The key to being able to derive the organization ID and application ID of an MHP application before the MHP application has received the Xlet context from the system is knowing that an Xlet has only access to its own application directory. This information is used in the following way.

By means of the application lifecycle API, the generic wrapper (GW) class, (i.e., “PersistentXletCopyWrapperXlet”), receives a list containing all currently known applications. Once this list is obtained, the GW class tries to access the application directory associated with each application on the list. In all cases, except one, a “Security Exception” will occur. Only the application's own directory will not throw a “Security Exception” because, as stated above, an Xlet only has access to its own application directory. Because the application lifecycle API exposes the organization ID and the application ID of all known applications, the corresponding can be derived.

In sum, the system and method of the invention overcomes the lack of explicit support for persistently stored applications in MHP 1.0.x. Persistent storage being defined as those applications that can be broadcast such that they are persistently stored on the MHP implementation and available for later execution without downloading them again from the broadcast stream. More specifically, the system and method of the invention advantageously allows any MHP 1.0.x application to copy itself and run itself from persistent storage by creating a generic wrapper class that allows any MHP 1.0.x application to copy itself and run itself from persistent storage.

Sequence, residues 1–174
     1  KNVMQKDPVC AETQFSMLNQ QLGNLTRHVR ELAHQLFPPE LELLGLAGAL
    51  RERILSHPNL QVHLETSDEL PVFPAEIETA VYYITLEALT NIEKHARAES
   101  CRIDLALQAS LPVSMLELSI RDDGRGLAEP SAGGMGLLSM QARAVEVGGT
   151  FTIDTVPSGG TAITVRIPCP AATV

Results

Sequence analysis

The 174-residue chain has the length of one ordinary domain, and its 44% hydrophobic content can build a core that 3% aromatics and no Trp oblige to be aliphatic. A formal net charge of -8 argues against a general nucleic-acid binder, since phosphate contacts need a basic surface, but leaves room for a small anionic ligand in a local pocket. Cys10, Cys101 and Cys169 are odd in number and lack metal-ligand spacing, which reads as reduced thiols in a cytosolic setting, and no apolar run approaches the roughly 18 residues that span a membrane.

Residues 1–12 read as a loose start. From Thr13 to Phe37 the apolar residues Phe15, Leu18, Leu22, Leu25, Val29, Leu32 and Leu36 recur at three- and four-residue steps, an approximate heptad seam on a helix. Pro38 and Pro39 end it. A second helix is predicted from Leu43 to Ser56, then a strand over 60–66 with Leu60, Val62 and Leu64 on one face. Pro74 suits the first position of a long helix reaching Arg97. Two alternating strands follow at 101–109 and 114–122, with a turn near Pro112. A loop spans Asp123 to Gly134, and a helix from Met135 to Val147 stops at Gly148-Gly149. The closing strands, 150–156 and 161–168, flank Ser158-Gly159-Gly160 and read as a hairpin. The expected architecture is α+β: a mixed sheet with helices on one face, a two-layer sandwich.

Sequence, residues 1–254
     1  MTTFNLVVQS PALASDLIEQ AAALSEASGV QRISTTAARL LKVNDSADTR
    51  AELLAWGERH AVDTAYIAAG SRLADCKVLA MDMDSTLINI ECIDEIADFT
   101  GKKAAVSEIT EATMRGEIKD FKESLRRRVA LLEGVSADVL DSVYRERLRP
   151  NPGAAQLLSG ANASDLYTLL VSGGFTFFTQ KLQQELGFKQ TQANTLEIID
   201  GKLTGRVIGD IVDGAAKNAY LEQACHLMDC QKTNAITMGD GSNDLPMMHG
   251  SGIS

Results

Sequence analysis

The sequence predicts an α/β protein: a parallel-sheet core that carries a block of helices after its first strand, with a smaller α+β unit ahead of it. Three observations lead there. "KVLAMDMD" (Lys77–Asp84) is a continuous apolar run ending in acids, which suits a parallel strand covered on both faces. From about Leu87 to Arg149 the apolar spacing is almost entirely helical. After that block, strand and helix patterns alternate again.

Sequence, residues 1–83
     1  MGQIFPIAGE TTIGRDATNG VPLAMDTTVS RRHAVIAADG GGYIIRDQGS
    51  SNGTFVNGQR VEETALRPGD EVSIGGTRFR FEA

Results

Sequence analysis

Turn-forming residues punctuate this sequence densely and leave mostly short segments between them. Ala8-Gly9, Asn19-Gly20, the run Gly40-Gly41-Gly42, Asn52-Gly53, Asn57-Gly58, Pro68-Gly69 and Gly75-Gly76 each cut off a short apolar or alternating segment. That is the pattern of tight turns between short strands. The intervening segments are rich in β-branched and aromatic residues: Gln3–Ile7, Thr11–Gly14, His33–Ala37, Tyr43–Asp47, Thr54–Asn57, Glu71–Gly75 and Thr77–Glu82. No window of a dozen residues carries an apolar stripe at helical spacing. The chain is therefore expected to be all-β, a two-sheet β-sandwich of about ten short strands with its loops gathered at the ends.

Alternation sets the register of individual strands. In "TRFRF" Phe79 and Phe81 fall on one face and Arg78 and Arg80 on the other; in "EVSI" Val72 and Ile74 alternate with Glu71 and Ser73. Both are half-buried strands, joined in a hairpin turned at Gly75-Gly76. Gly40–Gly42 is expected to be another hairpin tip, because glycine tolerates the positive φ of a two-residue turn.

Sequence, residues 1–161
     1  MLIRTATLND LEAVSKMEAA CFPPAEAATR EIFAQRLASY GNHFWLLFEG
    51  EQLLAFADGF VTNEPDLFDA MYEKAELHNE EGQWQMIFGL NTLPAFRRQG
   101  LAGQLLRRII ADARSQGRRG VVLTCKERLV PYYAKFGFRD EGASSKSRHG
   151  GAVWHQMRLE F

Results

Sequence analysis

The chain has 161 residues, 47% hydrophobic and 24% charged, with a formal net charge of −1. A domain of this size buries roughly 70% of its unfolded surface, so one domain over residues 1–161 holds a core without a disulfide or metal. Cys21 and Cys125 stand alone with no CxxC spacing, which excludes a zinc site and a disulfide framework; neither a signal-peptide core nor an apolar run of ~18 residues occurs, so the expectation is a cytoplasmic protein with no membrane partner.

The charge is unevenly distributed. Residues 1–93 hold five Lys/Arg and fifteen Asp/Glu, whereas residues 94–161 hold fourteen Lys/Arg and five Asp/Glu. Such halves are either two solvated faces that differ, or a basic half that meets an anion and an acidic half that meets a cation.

In addition, the system and method of the invention also provides a way to derive the organization ID and application ID of an MHP application before the MHP application has received the Xlet context from the system.

Although this invention has been described with reference to particular embodiments, it should be appreciated that many variations can be resorted to without departing from the spirit and scope of this invention as set forth in the appended claims. The specification and drawings are accordingly to be regarded in an illustrative manner and are not intended to limit the scope of the appended claims.

Referenced by
Citing PatentFiling datePublication dateApplicantTitle
US7853982 *Jun 14, 2006Dec 14, 2010Lg Electronics Inc.Method for managing applications related to data broadcasting, class/interface structure for controlling the same, and broadcast receiver for controlling the class/interface structure
Classifications
U.S. Classification719/332, 348/E05.006
International ClassificationG06F9/445, H04N5/00
Cooperative ClassificationH04N21/4432, H04N21/4433
European ClassificationH04N21/443H, H04N21/443B
Legal Events
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Owner name: PACE MICRO TECHNOLOGY PLC,UNITED KINGDOM
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Owner name: PACE MICRO TECHNOLOGY PLC,UNITED KINGDOM
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Owner name: PACE MICRO TECHNOLOGY PLC, UNITED KINGDOM